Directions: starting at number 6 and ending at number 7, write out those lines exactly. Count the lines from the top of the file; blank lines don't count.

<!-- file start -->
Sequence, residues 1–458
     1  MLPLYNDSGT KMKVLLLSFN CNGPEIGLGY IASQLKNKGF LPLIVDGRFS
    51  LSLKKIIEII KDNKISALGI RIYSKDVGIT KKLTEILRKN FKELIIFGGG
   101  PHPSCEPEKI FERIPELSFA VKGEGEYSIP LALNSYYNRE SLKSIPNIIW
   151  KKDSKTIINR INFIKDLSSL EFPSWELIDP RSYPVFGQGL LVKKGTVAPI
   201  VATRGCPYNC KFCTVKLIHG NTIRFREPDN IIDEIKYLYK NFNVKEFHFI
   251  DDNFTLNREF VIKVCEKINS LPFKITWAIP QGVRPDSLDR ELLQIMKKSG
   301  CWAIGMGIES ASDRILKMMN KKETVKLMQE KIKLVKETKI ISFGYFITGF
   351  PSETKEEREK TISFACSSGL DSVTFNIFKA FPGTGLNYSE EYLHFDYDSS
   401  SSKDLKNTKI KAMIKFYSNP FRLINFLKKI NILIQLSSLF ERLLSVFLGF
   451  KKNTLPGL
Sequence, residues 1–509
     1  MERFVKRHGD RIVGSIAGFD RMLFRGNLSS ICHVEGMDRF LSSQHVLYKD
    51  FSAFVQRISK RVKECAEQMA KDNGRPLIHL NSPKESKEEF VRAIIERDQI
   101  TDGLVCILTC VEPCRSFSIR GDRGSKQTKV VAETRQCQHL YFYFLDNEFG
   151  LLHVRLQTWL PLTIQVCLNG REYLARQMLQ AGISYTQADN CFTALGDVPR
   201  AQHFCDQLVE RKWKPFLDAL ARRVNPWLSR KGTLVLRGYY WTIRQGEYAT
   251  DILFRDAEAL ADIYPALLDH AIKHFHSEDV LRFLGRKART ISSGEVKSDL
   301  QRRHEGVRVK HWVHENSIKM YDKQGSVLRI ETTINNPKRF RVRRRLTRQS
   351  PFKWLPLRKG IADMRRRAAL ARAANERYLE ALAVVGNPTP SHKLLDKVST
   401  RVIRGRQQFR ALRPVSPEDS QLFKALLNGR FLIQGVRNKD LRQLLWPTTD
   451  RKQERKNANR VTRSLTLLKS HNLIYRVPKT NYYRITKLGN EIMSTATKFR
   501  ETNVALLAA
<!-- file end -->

   201  VATRGCPYNC KFCTVKLIHG NTIRFREPDN IIDEIKYLYK NFNVKEFHFI
   251  DDNFTLNREF VIKVCEKINS LPFKITWAIP QGVRPDSLDR ELLQIMKKSG